If you want to know who really controls DeepMatter Group Plc (LON:DMTR), then you'll have to look at the makeup of its share registry. Generally speaking, as a company grows, institutions will increase their ownership. Conversely, insiders often decrease their ownership over time. I quite like to see at least a little bit of insider ownership. As Charlie Munger said 'Show me the incentive and I will show you the outcome.
DeepMatter Group is not a large company by global standards. It has a market capitalization of UK£22m, which means it wouldn't have the attention of many institutional investors. Taking a look at our data on the ownership groups (below), it's seems that institutions are noticeable on the share registry. Let's take a closer look to see what the different types of shareholder can tell us about DMTR.
What Does The Institutional Ownership Tell Us About DeepMatter Group?
Many institutions measure their performance against an index that approximates the local market. So they usually pay more attention to companies that are included in major indices.
DeepMatter Group already has institutions on the share registry. Indeed, they own 16% of the company. This can indicate that the company has a certain degree of credibility in the investment community. However, it is best to be wary of relying on the supposed validation that comes with institutional investors. They too, get it wrong sometimes. When multiple institutions own a stock, there's always a risk that they are in a 'crowded trade'. When such a trade goes wrong, multiple parties may compete to sell stock fast. This risk is higher in a company without a history of growth. You can see DeepMatter Group's historic earnings and revenue, below, but keep in mind there's always more to the story.
We note that hedge funds don't have a meaningful investment in DeepMatter Group. As far I can tell there isn't analyst coverage of the company, so it is probably flying under the radar.
Insider Ownership Of DeepMatter Group
While the precise definition of an insider can be subjective, almost everyone considers board members to be insiders. Company management run the business, but the CEO will answer to the board, even if he or she is a member of it.
Insider ownership is positive when it signals leadership are thinking like the true owners of the company. However, high insider ownership can also give immense power to a small group within the company. This can be negative in some circumstances.
It seems insiders own a significant proportion of DeepMatter Group Plc. It has a market capitalization of just UK£22m, and insiders have UK£4.8m worth of shares in their own names. It is great to see insiders so invested in the business. It might be worth checking if those insiders have been buying recently.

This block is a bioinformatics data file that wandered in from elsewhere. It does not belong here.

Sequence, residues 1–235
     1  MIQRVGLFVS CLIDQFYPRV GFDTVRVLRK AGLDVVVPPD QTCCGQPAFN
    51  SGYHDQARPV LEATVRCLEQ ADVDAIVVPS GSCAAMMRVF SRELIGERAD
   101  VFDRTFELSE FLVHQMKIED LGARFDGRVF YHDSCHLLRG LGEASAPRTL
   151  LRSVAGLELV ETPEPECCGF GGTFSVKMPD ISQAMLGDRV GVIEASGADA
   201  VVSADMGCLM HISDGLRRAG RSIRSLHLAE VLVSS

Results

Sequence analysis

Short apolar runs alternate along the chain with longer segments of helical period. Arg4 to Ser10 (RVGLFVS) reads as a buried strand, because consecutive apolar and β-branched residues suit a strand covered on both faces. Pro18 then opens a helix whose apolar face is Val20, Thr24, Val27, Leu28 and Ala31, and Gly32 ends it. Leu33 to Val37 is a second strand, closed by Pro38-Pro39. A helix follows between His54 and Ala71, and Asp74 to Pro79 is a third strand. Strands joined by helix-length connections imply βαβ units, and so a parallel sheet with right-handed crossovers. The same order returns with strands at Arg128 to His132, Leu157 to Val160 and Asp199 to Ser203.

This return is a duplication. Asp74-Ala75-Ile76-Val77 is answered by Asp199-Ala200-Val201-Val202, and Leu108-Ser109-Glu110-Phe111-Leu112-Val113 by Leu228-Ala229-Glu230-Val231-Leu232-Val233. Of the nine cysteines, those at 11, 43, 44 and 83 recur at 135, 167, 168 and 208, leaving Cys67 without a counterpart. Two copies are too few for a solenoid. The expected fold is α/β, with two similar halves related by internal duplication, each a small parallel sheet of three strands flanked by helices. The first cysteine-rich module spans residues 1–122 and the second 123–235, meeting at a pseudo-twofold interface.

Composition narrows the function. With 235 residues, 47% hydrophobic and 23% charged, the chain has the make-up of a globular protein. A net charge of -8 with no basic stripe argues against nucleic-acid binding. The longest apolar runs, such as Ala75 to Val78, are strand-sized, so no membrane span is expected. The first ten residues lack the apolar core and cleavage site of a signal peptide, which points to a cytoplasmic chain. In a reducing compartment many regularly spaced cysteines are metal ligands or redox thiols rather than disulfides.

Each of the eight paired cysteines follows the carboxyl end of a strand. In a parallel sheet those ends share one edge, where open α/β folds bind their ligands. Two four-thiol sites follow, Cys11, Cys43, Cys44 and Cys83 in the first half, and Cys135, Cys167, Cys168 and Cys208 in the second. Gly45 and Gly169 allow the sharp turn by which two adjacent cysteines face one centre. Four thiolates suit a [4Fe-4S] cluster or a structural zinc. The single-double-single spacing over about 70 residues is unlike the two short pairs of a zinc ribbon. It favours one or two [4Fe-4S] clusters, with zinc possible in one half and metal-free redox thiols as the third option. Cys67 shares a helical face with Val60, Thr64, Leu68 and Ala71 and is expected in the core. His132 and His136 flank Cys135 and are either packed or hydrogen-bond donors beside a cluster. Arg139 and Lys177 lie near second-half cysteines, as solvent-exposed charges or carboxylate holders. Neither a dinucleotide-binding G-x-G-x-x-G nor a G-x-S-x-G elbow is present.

General Public Ownership
With a 16% ownership, the general public have some degree of sway over DMTR. While this group can't necessarily call the shots, it can certainly have a real influence on how the company is run.
Private Equity Ownership
With an ownership of 36%, private equity firms are in a position to play a role in shaping corporate strategy with a focus on value creation. Sometimes we see private equity stick around for the long term, but generally speaking they have a shorter investment horizon and -- as the name suggests -- don't invest in public companies much. After some time they may look to sell and redeploy capital elsewhere.
Private Company Ownership
It seems that Private Companies own 3.7%, of the DMTR stock. It might be worth looking deeper into this. If related parties, such as insiders, have an interest in one of these private companies, that should be disclosed in the annual report. Private companies may also have a strategic interest in the company.
Public Company Ownership
Public companies currently own 7.6% of DMTR stock. We can't be certain, but this is quite possible this is a strategic stake. The businesses may be similar, or work together.
While it is well worth considering the different groups that own a company, there are other factors that are even more important.
I like to dive deeper into how a company has performed in the past. You can access this interactive graph of past earnings, revenue and cash flow for free.
Of course this may not be the best stock to buy. Therefore, you may wish to see our free collection of interesting prospects boasting favorable financials.
NB: Figures in this article are calculated using data from the last twelve months, which refer to the 12-month period ending on the last date of the month the financial statement is dated. This may not be consistent with full year annual report figures.
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